Lest we forget, the Nigerian market has a huge significance in the global aviation community, which no one should undermine or treat with levity. The Lagos route alone is one of the most lucrative worldwide. The Virgin Atlantic CEO, Shai Weiss, said as much during his visit to Lagos last December. After all, where in the world is there a population of 200 million happy-go-lucky people with penchant for air travel? Where in the world do 32 foreign carriers freely feast daily without corresponding competition or drive for reciprocity by their colonised host market?

For a fact, the Nigerian market yearly contributes $3 billion to these foreign economies, says the Airlines Operators of Nigeria (AON). Local travel agencies, who should know, estimated a whopping N525 billion in ticket sales in 2018, and has even grown by about 10 per cent in 2019. Turkish Airlines, and company, knows the implication of being suspended from Nigeria, which elicited the 360-degree turnaround and switch to the more appropriate aircraft size within 24 hours of NCAA’s threat.

While our authorities have stayed too long in bed with these foreign carriers, the paying Nigerian public deserves better deals. It is the sole responsibility of an autonomous NCAA to see to this. Thankfully, there is a change of leadership at the top of the NCAA. It is only expected that the in-coming Director-General will stay awake to his duties and enforce our deserved respect both in value for money and competition for our economic benefit.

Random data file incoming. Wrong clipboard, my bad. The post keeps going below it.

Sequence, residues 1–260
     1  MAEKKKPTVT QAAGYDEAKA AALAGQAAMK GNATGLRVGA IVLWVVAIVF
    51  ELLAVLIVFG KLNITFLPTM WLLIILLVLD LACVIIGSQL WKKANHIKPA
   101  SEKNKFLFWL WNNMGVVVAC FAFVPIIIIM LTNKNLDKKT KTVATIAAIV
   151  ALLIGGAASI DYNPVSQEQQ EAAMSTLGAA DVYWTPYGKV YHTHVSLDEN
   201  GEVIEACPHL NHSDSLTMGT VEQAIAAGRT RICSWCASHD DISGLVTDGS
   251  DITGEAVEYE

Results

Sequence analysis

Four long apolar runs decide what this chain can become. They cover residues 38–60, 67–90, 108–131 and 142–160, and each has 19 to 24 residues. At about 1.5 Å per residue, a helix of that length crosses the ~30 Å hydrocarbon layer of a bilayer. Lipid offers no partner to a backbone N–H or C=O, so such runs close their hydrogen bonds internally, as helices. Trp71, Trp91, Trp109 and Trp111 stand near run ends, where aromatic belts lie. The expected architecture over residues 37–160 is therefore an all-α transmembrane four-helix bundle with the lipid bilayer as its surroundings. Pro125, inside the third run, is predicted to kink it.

As a matter of economic importance, the Ministry of Aviation and NCAA should drive competition and reciprocity as against the so-called revenue-drive that has become the lame excuse for obnoxious multiple destinations given to foreign airlines. It is unacceptable that foreign airlines now run shadow local operations under the guise of Fifth Freedom Right. A foreign airline once ran Kigali-Lagos-Abuja-Lagos-Kigali flight, contrary to the international and domestic rules. Ethiopian airlines daily run four or five destinations to Nigeria, without any from Nigerian airlines to Addis Ababa. With such gross complicity and sheer rape of the local market, can the local airlines grow or foreign airlines respect us? It is no longer sufficient to say that local airlines are weak. The NCAA has a duty to protect them from stronger foreign carriers and support their growth.

To complement the foregoing, officials of the Consumer Protection Department of the NCAA must go beyond lounging in airport cubicles to paying proactive attention to statistical feedbacks from Nigerian travellers. The truth is that the majority of Nigerian air travellers are not happy for all manner of reasons. The overriding Federal Competition and Consumer Protection Commission (FCCPC) must as well pay keen attention to the aviation sector and enforce its provisions – at least to tell both local and foreign airlines that the system values its people and not a jungle.

On the whole, our government and regulators alike must remember that bilateral trade (agreement) is a voluntary marriage of convenience between two parties with applicable terms and conditions. Once the benefits are no longer mutual or rule convenient, then it is time for a comprehensive review or a divorce.